+1 (845) 317-8489 [email protected]

. In defense of its 2006 decision, Google said that it complies with the law in

countries where it does business. But the author of a book on IBM and the

Holocaust says that IBM used the same defense in the 1930s when it provided

Adolf Hitler with the tools to keep “the wheels of the Holocaust running on

time.” The author says, “[they] want to be good Americans in the U.S. and good

collaborators in China. They want it both ways but there are certain things we

must not do.”106 Do you agree with the company’s stance? If so, what changed in


its ethos.”103 Another said, “No company should be forced to operate under government threat to its core values or to the rights and safety of its users.”104

China’s response was that firms doing business in China must obey its laws and it

did not back down. In March 2010, while maintaining R&D work in China and a sales

force, Google decided to close Google.cn and direct its Chinese users to its uncensored

Hong Kong website, hoping to make uncensored information more available. When

Hong Kong was set up by international treaty, China agreed to allow it to operate free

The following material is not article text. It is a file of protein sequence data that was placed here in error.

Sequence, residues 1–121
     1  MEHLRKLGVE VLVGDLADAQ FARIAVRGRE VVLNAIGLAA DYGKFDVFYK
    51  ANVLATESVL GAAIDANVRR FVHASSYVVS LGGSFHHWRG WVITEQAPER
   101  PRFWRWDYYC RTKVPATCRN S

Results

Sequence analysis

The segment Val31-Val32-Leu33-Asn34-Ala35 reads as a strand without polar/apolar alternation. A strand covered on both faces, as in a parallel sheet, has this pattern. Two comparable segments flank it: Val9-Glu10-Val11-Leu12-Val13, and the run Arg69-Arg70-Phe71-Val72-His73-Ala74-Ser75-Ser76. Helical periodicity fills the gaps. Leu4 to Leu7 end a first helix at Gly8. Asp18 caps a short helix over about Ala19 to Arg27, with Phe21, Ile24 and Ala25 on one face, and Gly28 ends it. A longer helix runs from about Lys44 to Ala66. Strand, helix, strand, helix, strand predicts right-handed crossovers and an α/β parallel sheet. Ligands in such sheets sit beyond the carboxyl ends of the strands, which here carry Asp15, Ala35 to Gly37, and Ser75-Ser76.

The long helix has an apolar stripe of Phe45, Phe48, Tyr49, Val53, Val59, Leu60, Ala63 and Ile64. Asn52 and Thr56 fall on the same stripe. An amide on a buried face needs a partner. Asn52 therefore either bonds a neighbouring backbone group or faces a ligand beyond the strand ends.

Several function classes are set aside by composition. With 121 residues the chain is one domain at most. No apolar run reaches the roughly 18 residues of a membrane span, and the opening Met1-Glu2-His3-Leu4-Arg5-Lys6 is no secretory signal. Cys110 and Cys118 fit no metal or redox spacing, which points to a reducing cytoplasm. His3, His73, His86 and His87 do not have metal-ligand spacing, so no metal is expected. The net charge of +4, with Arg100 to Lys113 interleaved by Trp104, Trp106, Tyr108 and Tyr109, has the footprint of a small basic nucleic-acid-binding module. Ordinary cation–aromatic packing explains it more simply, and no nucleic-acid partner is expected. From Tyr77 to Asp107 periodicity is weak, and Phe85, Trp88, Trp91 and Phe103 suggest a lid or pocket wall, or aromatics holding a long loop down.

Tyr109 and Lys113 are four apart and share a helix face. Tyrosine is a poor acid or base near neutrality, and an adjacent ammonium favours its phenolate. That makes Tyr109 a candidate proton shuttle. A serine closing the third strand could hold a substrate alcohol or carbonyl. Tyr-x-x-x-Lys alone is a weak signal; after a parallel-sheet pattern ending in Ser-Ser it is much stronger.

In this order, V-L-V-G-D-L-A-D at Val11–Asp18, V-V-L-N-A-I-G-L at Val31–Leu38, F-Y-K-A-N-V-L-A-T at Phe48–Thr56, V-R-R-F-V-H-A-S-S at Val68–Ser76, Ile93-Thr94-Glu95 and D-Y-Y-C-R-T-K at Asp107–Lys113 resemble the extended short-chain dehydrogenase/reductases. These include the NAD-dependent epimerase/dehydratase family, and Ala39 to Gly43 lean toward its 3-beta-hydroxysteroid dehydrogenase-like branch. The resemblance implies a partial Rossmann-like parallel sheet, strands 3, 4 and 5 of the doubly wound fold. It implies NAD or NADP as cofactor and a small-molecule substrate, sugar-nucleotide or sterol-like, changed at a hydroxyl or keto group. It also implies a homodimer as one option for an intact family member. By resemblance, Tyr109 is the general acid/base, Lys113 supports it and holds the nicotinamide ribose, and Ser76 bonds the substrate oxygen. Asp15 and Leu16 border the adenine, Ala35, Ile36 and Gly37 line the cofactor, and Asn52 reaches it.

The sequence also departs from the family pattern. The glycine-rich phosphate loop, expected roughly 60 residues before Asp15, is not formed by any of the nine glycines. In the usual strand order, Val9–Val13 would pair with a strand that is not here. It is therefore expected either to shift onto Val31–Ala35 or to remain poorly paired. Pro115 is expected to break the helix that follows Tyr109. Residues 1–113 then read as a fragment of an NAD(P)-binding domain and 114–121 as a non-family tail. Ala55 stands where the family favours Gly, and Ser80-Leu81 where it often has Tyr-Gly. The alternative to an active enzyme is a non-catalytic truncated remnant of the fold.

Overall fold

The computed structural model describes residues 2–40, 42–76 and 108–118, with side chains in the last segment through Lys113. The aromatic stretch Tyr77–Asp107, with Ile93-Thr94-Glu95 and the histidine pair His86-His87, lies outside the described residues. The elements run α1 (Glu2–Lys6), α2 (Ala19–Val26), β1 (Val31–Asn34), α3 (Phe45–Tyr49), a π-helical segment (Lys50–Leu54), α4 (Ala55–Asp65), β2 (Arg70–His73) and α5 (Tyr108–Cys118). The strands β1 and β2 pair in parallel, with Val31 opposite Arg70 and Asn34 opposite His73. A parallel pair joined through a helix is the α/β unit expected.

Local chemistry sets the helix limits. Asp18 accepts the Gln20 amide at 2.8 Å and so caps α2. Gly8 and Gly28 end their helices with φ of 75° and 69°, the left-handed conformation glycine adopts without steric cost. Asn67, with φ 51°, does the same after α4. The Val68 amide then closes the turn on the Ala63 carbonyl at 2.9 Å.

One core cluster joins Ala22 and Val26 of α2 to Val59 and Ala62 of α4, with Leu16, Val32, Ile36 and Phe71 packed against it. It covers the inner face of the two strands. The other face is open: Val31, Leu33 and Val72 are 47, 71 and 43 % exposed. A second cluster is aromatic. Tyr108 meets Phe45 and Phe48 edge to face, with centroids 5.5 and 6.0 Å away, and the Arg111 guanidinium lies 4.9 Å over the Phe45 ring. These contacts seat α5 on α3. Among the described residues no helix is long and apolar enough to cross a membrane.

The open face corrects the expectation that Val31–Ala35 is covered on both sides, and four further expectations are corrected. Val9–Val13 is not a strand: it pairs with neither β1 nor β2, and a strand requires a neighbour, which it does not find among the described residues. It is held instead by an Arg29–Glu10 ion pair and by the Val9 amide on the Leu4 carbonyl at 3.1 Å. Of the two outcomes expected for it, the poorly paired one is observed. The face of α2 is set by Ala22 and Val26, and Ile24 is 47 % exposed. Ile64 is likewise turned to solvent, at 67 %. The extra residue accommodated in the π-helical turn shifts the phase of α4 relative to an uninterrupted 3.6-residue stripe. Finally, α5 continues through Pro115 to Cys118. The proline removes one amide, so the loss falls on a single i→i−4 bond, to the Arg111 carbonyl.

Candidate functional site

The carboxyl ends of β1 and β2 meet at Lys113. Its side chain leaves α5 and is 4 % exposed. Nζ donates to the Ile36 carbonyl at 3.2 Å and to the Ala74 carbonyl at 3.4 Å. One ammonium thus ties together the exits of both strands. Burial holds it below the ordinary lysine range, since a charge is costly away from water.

from most Chinese laws. But Chinese users quickly reported that searches for

politically sensitive information on the Hong Kong website produced blank pages.

In May 2012, Google began to inform users that certain search terms were being

censored. The government responded by blocking Google for 24 hours and by

increasing the censorship of gmail, Google’s email service. This is in addition to

the normal slowness of Google searches in China. The reason isn’t clear, but in

December 2012, Google stopped informing users about censorship. Every time

Google has tried to fight censorship, the government has responded quickly and

overwhelmingly, and it appears that Google may have given up trying.105